The Back is Where it’s At!
Lesson 2 of 10
Objective: Students will be able to use observations to describe the major difference between a vertebrate and an invertebrate.
Gather students on the rug using a preferred classroom management technique. I like to use my “Stop, look, listen.” The students stop what they are doing, look at me and listen for the direction. I usually preface the direction with, “When I say go…” This reminds the students to listen to the whole direction before moving to follow the directive.
In this case I would say, “When I say go I would like you to clear your space, push in your chair and go take a spot on your dot. Walking feet go.”
By saying “walking feet” I am reminding the students to use walking feet in the classroom to ensure safe movement between areas.
When all of the students are seated on their dot in the rug area I tell them they are going to listen and follow the directions from a song I will play on the CD player.
I tell the students, “When I say “Go” you will get up and find a spot on the rug area where you have room to move but can keep control of your body. Anyone who I see does not have control of their body will be asked to move to the side and sit down until they have their body back under control.”
By telling the students to wait until they hear me say, “Go” I am less likely to run into the issue of students moving before I have finished giving the direction.
“Does everyone understand? Okay good. Go.”
Once the students are in position I turn on the music.
We follow the directions given in the song Head, Shoulders, Knees and Toes, sung by The Learning Station on their Here We Go Loopty Loo CD. The reason I chose this version of the song is because it mentions the old familiar body parts (prior knowledge), but it also introduces some new less familiar body parts (new vocabulary).
After the song is done I have the students sit back down on their spots by singing the “Spot on Your Dot” song.
I use this song to engage my students in a fun way to begin thinking about body parts. This song is used to capture the students attention, connect their thinking to the situation and help them access currant knowledge; in this case vocabulary relating to familiar body parts.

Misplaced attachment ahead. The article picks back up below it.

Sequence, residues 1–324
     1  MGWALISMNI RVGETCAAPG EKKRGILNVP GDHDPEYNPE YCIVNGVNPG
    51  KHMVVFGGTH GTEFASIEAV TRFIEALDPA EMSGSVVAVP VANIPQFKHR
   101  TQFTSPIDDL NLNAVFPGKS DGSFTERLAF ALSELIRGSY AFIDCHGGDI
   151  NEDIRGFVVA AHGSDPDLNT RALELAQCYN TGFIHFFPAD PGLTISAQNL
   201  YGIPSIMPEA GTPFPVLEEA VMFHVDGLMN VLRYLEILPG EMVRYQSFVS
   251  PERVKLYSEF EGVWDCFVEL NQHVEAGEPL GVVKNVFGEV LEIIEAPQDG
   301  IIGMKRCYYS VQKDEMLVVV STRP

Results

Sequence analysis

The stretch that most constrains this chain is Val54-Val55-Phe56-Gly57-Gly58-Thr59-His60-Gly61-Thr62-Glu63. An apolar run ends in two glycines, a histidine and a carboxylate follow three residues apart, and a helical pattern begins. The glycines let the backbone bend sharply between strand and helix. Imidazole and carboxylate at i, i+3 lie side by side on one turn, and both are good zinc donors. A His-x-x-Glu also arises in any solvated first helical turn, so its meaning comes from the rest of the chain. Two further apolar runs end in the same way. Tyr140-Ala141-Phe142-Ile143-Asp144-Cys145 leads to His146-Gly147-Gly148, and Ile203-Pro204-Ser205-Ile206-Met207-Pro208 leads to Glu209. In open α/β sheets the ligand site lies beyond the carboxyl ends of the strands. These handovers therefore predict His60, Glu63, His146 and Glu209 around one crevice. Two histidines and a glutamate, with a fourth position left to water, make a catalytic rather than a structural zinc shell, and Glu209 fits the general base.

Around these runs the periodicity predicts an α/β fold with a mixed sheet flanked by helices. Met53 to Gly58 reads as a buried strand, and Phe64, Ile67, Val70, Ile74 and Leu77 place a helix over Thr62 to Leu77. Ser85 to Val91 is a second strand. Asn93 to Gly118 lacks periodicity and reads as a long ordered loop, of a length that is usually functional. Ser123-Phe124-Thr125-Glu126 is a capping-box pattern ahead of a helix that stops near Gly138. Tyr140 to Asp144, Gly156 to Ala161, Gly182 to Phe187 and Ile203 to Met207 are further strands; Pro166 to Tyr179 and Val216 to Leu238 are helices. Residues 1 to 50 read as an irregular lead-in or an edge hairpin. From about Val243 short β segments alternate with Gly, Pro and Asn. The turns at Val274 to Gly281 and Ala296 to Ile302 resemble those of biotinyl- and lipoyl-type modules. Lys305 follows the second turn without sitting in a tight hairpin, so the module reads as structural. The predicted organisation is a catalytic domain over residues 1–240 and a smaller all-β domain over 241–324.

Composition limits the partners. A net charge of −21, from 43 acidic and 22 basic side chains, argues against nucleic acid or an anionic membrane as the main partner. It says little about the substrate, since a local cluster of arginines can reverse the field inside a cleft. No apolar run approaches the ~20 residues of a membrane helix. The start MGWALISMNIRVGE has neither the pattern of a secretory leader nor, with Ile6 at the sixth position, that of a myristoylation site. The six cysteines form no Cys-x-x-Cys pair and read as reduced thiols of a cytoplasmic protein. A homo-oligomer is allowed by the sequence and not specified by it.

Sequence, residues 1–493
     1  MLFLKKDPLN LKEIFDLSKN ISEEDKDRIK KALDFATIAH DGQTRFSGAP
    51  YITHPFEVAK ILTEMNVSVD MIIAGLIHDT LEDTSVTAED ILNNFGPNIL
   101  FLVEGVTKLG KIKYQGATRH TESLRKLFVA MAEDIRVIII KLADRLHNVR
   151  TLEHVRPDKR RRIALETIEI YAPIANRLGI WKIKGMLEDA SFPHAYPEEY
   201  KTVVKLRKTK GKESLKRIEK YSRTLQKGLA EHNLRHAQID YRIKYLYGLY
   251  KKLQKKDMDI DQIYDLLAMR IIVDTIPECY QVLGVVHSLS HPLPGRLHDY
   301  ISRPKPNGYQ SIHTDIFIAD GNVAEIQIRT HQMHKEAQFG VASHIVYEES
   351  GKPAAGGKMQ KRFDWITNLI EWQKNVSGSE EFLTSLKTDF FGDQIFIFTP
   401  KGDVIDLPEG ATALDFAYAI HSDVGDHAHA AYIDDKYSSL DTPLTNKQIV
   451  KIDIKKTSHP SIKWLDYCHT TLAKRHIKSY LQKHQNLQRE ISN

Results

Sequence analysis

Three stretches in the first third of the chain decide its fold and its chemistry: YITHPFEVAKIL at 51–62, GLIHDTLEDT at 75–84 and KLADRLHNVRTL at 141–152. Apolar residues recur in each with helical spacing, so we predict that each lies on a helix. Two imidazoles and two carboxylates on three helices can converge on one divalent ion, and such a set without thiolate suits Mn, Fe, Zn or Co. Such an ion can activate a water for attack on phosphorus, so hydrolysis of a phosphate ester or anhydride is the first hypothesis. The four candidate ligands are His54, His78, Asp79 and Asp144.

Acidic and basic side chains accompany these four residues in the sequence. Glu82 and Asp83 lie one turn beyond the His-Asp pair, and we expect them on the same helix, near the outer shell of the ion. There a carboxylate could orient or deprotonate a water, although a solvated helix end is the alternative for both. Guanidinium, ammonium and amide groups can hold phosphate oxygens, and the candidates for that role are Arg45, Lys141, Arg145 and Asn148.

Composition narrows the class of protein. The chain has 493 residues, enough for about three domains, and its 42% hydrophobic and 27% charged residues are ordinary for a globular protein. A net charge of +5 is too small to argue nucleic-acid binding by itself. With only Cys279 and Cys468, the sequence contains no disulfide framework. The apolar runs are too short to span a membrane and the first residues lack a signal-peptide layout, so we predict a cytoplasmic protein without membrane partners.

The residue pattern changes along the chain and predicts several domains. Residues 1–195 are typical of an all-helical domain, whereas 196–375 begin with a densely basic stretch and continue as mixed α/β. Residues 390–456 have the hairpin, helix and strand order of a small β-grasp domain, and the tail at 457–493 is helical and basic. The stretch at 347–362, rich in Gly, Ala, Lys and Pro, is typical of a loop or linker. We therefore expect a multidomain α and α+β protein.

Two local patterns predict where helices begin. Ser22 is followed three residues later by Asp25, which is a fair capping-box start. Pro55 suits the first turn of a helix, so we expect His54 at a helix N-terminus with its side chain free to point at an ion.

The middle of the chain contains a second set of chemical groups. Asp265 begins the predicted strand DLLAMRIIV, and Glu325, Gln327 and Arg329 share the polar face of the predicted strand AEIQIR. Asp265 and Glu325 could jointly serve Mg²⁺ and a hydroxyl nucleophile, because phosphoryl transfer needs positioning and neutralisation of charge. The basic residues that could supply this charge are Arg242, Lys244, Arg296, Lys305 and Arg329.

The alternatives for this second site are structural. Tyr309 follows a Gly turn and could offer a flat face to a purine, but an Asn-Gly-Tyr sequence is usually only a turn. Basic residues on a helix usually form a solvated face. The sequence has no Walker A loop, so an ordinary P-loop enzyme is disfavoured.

Once the students are seated I tell them, “Today we are going to read the book What is a Vertebrate? by Bobbie Kalman. Looking at the cover what do you think this book is going to be about?”
I select a student who is following the correct classroom protocol of raising their hand to respond to the question.
“That’s a good prediction Sebastian; this book could be about koala bears and I like the way you explained your thinking by telling me how there is a koala bear on the cover of the book.”
“Raise your hand if you think you know what a vertebrate is?"
Most of the time I do not get anyone who raises their hand. That was the case today.
"That's okay because we are going to read this book which will give us the information we need to answer that question."
As we read through the book I point out the features of a non-fiction book and we discuss any new vocabulary words we come across. Words such as; backbone, mammal, amphibian, reptile, muscle, cartilage, etc.
When the book is over I ask the students to take a seat around the edge of the rug by singing the “Edge of the Rug” song.
Once everyone is seated around the edge I ask, "Now that we have finished reading our book, does anyone think they can tell me what a vertebrate is?"
I select a student who has raised their hand.